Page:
Calgary Flames Post-Game: Without Tanev, locals Flame out against Chicago

Photo credit:Sergei Belski-USA TODAY Sports
Ryan Pike
1 year ago
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The Calgary Flames were without dependable blueliner Chris Tanev on Thursday evening when they hosted the Chicago Blackhawks. It went poorly, as the Flames looked jumpy and disjointed in almost every aspect of their game and Chicago took advantage.
The Flames lost to the Blackhawks by a 5-1 score, ending their four game homestand with a 2-2-0 record.

The rundown

The Flames played a fairly unstructured, blah game in the first half of the first period, with the visitors generating more chances and quality chances. So the Flames shuffled up their lines.
  • Blake Coleman went from Backlund & Mangiapane to Kadri & Huberdeau
  • Jakob Pelletier went from Lewis & Duehr to Backlund & Mangiapane
  • Milan Lucic went from Kadri & Huberdeau to Lewis & Duehr
Early in the lifespan of the new lines, the Flames failed to disrupt a Chicago zone entry, the Hawks cycled the puck, and eventually Darren Raddysh snapped a shot from the top of the circles past Jacob Markstrom to make it 1-0 Flames. It wasn’t a great goal to give up, but Markstrom had a lot of guys in black sweaters skating around but not doing a lot on that goal.
But late in the opening period, the Flames answered back off the rush. Nazem Kadri made a nice pass to Jonathan Huberdeau in the slot, and Huberdeau took control of a sliding puck while dancing around Chicago defenders, putting the puck past Jaxson Stauber to tie the game up at 1-1.
Early in the second, the Flames almost took the lead! But Mikael Backlund hit iron.
Midway through the second period, Chicago retook the lead. Off a cycle in the Flames’ zone, Boris Katchouk’s point shot glanced off Nikita Zadorov’s leg – he was battling Reese Johnson for position in front of Markstrom – and went past the Flames’ netminder to give Chicago a 2-1 advantage.
Chicago took over the game with two goals in 32 seconds late in the second period.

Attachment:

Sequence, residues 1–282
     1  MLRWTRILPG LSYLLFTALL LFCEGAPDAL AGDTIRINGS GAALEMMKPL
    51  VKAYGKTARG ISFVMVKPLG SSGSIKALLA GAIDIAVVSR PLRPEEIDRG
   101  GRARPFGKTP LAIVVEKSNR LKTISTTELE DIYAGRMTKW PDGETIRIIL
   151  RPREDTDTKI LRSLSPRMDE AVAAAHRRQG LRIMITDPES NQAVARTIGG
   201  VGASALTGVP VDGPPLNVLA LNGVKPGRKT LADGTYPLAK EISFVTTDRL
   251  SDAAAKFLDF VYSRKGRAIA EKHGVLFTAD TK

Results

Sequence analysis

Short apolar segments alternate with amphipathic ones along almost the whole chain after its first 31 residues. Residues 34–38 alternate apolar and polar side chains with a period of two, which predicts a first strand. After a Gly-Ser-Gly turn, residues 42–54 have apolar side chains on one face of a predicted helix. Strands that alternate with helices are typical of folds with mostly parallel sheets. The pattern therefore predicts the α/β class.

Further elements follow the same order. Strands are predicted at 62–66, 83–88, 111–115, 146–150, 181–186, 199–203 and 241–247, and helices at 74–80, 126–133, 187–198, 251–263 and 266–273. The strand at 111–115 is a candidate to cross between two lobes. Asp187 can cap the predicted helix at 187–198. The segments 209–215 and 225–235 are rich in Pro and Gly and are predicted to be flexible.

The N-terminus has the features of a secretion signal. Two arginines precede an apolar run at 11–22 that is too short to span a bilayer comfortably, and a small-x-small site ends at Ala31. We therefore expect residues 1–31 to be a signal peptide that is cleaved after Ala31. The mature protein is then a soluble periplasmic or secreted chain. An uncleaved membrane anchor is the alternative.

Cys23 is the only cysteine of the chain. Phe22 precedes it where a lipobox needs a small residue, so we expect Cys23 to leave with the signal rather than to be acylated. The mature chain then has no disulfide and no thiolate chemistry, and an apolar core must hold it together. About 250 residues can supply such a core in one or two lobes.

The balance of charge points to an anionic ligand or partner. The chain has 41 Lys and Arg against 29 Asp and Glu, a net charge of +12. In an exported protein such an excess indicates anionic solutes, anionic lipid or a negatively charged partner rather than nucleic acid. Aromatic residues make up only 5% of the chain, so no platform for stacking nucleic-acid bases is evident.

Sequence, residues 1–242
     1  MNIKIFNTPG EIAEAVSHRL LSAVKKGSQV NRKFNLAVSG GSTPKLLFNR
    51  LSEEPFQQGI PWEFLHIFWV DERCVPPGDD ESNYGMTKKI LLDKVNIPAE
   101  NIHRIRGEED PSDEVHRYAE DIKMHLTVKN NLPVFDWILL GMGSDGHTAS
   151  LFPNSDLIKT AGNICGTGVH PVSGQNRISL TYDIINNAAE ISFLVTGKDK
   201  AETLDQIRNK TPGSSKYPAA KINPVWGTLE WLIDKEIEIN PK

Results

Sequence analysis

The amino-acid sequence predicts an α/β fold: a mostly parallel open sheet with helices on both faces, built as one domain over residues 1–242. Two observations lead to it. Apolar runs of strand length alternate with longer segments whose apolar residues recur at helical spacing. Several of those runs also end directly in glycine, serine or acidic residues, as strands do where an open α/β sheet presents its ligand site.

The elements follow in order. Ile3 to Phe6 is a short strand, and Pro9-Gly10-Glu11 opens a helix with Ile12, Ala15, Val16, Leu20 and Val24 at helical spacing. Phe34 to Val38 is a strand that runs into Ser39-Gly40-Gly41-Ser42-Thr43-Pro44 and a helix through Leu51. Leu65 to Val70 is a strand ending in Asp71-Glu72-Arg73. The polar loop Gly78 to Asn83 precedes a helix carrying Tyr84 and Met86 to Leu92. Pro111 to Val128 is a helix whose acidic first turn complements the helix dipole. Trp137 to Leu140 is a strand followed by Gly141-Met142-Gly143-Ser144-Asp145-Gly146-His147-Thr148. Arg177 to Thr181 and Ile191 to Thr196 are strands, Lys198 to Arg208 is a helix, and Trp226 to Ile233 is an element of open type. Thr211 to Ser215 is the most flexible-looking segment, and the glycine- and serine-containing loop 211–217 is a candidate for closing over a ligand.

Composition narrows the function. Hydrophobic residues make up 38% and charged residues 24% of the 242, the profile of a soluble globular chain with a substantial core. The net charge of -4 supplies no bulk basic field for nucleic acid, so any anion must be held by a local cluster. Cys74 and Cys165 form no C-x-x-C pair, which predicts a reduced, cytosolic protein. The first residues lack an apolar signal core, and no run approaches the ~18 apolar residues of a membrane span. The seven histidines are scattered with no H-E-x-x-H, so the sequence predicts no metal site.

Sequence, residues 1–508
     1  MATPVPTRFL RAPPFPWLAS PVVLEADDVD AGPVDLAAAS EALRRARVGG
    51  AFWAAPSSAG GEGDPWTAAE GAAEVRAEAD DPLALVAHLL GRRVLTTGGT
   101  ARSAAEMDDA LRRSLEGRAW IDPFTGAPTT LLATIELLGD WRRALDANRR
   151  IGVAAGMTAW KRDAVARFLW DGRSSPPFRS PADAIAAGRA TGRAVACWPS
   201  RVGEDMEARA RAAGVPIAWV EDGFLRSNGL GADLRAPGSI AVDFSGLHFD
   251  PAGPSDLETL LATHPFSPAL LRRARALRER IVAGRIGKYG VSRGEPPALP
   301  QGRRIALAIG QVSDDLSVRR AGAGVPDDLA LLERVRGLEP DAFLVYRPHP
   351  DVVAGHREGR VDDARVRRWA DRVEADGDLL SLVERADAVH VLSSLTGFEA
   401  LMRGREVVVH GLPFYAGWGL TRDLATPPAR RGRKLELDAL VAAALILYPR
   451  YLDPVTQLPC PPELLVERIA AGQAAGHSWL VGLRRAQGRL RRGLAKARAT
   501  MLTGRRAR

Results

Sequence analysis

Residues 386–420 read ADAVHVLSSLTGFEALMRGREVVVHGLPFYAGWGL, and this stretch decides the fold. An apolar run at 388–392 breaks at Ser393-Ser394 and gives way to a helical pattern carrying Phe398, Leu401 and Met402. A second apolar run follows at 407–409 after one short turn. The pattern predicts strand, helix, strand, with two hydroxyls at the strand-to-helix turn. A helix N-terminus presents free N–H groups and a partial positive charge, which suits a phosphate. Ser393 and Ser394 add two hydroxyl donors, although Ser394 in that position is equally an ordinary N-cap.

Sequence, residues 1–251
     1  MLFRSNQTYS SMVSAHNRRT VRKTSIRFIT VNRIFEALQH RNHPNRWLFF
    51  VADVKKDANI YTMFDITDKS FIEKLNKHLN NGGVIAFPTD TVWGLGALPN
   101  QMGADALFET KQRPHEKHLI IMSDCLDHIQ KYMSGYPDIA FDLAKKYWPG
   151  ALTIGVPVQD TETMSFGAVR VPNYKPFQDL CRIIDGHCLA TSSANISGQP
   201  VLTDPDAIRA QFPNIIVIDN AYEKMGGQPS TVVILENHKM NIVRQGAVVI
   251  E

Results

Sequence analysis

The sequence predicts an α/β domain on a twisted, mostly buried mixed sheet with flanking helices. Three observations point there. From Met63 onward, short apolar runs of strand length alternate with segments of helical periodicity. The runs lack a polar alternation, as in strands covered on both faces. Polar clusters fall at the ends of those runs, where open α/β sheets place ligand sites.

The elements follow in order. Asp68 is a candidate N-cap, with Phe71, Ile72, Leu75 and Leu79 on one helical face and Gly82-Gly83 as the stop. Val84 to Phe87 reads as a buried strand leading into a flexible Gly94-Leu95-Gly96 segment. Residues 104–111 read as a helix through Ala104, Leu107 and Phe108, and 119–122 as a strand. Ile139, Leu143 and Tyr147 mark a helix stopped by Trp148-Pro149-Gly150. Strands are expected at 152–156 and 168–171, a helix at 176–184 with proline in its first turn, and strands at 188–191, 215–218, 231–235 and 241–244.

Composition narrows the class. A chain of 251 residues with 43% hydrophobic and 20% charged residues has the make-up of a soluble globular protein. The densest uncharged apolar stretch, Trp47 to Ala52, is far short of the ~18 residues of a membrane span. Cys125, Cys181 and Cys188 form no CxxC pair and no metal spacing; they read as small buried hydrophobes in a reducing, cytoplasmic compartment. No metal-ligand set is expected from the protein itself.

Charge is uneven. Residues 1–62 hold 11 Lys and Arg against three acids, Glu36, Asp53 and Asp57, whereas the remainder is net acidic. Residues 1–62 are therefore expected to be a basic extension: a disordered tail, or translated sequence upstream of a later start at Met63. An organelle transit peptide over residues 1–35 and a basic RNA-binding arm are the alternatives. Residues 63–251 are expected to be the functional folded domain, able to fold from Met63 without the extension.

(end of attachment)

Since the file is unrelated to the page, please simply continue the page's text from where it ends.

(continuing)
First, both Flames defenders chased after Patrick Kane off a zone entry, allowing him to find Jason Dickinson streaking to the net on a nice give-and-go sequence. Dickinson toe-dragged to change direction, then beat Markstrom low stick-side to make it 3-1 Chicago.
On the very nice play, the Flames’ defensive coverage was all topsy-turvy – Huberdeau was somehow the last man back in their zone – and Colin Blackwell found Sam Lafferty with a pass that he wristed past Markstrom to make it 4-1 Chicago. Blake Coleman made a diving attempt to break up the pass, but the puck glanced off his stick and went right to Lafferty anyway.
In the third period, the Flames shuffled lines a little bit more:
  • Pelletier went from Backlund & Mangiapane to Kadri & Huberdeau
  • Coleman went from Kadri & Huberdeau to Backlund & Mangiapane
It didn’t do much to give the locals a spark. Thanks to an empty-netter by Connor Murphy, and the four previous goals, Chicago was able to close out a 5-1 win over the Flames.

Why the Flames lost

The Flames were not particularly effective in any particular aspect of the game.
  • Their breakouts were disjointed.
  • The defensive zone play was slow (as a result of those breakouts) and they didn’t defend well against Chicago’s speed through the neutral zone.
  • Their puck management wasn’t very good in the offensive zone, and their game seemed really impatient: instead of cycling and wearing Chicago down, they tried to force passes through lanes that didn’t exist, turning the puck over frequently off of sticks, skates or just via throwing the puck into empty space.
Chicago beat the Flames because the Flames were the second-best team on the ice in terms of execution and battle level.

Red Warrior

It’s weird to say the team’s best player was the guy that gave up four goals in net, but Markstrom gave his team a chance. You can’t say that about many other guys on the home side.

Turning point

A couple bad defensive shifts late in the second period completely took the energy out of the building, as Chicago jumped all over Calgary’s lapses and pulled away.

This and that

This was Tyler Toffoli’s 700th career regular season game in the NHL.
Former Flames farmhand Luke Philp, playing in his second NHL game, had an assist for his first NHL point.
Current Flames farmhand Jakob Pelletier, up with the NHL club on a recall, played 15:21 – the most he ever has in his short NHL career, nearly double his previous high in a game.

Up next

The Flames (23-17-9) hop on a plane and play again on Friday in Seattle.

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